Twelfth Night, or What You Will
nytheatre.com review by Martin Denton
October 16, 2008
Twelfth Night meets The Tempest—sort of—in T. Schreiber Studio's inventive new production of William Shakespeare's classic romantic comedy. In director Cat Parker's conception of the play, a storm at sea brings strangers to a magical island who transform their own lives and those of the isle's inhabitants as a result of their visitation. And there's a Prospero-like figure in this Twelfth Night, as well—Feste, whom Parker refers to in program notes as the story's "Merlin," is seen to be pulling the strings everywhere in this play, using his mystical machinations to bring Viola and Sebastian to Orsino and Olivia and restore balance and happiness to their unfulfilled lives.
It's a charming and insightful conceit that works really well. Feste, usually simply Olivia's Fool, here takes on the guise of the sea captain who rescues Viola from the shipwreck that, she believes, has taken the life of her twin brother Sebastian. Feste/Captain gives Viola some men's clothes and she assumes the identity of Cesario, and goes to seek employment with Duke Orsino. Feste also appears as Antonio, the young man who saves Sebastian from the shipwreck and brings him ashore to Illyria. Eventually, thanks to further manipulations on the part of Feste, Viola and Sebastian discover one another, but not before they each fall under the spells of first love (she with her boss, Orsino; he with Orsino's intended, whom Viola/Cesario has been wooing on Orsino's behalf, the melancholy Lady Olivia).
Parker's realization of this famous play stresses the inevitability of these two matches, rather than the temporary distractions that Viola's gender-bending brings about: there's never a hint that Orsino is experiencing sexual panic that he might be in love with one of his pages, for example, and that's a real relief.
Parker does not stint, though, on the comic subplot involving Olivia's cousin Sir Toby Belch, her attendant Maria, and their battle against Olivia's pompous steward, Malvolio. The play's major set pieces—the famous "letter scene" in which Malvolio receives what he thinks is a love letter from Lady Olivia; its aftermath, in which Malvolio parades in front of his mistress foolishly, having followed what he thinks are her instructions; and the cowards' duel between Toby's pal Sir Andrew Aguecheek and Viola/Cesario—are all performed here with great wit and panache. So even though you may leave this Twelfth Night with a new understanding of the how the forces of destiny rule its characters, you won't feel at all cheated out of experiencing the tomfoolery that the play is justly renowned for.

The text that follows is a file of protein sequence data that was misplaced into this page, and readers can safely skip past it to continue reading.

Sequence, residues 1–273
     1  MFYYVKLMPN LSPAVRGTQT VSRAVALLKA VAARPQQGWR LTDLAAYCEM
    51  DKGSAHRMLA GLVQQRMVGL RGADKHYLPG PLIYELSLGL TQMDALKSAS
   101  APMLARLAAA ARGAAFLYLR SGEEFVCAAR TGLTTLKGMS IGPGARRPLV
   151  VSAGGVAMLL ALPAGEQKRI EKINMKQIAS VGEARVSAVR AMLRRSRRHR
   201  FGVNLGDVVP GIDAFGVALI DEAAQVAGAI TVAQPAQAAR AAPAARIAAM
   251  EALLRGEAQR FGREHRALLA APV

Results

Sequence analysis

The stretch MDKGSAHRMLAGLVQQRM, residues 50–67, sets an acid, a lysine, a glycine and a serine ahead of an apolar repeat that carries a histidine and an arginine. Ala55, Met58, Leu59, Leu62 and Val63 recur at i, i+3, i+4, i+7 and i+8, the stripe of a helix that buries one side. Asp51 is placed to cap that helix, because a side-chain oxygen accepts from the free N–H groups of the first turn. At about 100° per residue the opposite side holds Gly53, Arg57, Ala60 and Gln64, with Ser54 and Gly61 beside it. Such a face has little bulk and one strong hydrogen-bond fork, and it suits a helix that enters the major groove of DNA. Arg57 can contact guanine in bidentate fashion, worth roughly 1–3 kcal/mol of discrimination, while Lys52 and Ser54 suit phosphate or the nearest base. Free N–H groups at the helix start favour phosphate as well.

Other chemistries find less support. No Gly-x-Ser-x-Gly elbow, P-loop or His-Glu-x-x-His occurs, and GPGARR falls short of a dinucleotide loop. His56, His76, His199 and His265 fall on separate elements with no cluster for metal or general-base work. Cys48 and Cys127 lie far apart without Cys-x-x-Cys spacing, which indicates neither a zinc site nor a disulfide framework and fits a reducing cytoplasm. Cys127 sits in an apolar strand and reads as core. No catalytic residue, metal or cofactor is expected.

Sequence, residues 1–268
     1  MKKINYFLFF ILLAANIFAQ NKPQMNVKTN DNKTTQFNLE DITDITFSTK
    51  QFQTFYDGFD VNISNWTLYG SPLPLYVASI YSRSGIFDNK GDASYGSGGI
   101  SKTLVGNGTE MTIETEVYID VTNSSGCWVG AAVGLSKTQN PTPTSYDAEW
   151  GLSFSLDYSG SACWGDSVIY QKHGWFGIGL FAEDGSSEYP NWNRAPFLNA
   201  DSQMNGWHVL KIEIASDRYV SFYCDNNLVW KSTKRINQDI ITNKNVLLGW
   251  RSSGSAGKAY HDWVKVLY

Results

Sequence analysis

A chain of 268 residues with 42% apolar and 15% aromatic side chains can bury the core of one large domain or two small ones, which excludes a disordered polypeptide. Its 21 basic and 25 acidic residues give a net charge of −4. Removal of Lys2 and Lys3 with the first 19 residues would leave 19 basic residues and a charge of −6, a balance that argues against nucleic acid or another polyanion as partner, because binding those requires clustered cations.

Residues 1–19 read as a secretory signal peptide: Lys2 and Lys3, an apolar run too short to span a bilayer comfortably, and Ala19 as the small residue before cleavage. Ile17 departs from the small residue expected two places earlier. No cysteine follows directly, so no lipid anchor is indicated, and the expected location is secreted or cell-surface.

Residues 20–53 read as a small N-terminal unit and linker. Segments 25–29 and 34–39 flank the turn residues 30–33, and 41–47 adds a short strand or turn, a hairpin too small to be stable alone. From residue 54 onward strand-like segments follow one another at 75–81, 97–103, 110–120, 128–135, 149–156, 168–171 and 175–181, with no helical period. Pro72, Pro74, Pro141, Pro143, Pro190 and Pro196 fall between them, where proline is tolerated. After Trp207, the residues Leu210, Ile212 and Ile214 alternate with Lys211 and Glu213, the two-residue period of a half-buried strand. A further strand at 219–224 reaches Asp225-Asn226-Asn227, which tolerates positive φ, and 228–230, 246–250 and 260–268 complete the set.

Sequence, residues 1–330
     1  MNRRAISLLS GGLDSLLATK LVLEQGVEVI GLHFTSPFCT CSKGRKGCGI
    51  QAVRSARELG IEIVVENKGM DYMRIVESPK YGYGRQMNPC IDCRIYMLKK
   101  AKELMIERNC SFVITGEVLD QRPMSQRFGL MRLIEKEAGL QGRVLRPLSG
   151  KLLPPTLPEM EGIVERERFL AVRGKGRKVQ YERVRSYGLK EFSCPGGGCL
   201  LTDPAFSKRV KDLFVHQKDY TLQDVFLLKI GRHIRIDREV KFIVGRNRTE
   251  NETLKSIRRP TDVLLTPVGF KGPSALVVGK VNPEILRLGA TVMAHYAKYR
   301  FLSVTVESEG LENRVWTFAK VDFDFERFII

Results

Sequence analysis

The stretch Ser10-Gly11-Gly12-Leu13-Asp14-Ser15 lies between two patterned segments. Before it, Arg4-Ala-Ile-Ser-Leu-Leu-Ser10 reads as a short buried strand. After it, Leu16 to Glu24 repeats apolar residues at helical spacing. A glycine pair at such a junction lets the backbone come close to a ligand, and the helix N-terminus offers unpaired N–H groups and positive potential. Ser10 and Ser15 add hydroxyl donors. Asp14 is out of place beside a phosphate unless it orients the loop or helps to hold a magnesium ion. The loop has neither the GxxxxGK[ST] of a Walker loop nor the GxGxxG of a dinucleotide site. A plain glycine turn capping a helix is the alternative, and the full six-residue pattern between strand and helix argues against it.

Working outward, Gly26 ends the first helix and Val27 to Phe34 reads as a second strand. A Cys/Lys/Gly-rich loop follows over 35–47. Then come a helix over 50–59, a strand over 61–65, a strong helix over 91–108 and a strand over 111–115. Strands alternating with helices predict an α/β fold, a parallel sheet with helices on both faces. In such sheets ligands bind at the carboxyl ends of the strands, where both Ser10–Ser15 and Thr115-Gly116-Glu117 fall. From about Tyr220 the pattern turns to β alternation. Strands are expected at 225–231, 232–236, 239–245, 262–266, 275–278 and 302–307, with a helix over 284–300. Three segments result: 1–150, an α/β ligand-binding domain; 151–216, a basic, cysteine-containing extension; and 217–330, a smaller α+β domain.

Credit for all of this goes to Parker and her cast, which is exemplary. Jacqueline van Biene's Viola and Andrea Marie Smith's Olivia emerge as the strongest characters—they are Feste's willing collaborators while Shane Colt Jerome's Orsino and Collin McGee's Sebastian are Feste's more passive re-actors. Matt Steiner does excellent work as Feste, creating a winningly wise and beneficent fool to guide us through the world of the play. Sterling Coyne (Sir Toby), Will Ellis (Sir Andrew), Mari Minges (Maria), and Julian Elfer (Malvolio) offer superb comedic turns; the letter scene, in particular, is a high-spirited and energetic triumph of timing and choreography.
The production concept for this Twelfth Night is based on the relatively little-known aesthetic of steampunk, a blend of Victorian fantasia with sci-fi. Designers George Allison (sets), Karen Ann Ledger (costumes), David Bova (wigs and hair), Paul Hackenmueller (lighting), Cloud Cult (music), and Chris Rummel (sound) pull out all the stops to create a lavish and internally consistent world for the play, achieving a look and feel that is truly unique. The steampunk trappings contribute a distinctive ambience for the piece, a manifestation of the play (and its author's) admiring celebration of artistic inventiveness; it's a remarkable achievement.
Also remarkable is that this is the first Shakespeare play produced by T. Schreiber Studio in more than three decades. Kudos to dramaturg/coach Page Clements for helping the company realize a surefootedness with the language and style that is often lacking in productions from ensembles that tackle the Bard with far more frequency.
This is, all in all, a Twelfth Night to remember, one that adheres to the spirit of Shakespeare beautifully by constantly finding surprises and, above all else, honest-to-goodness joy within it.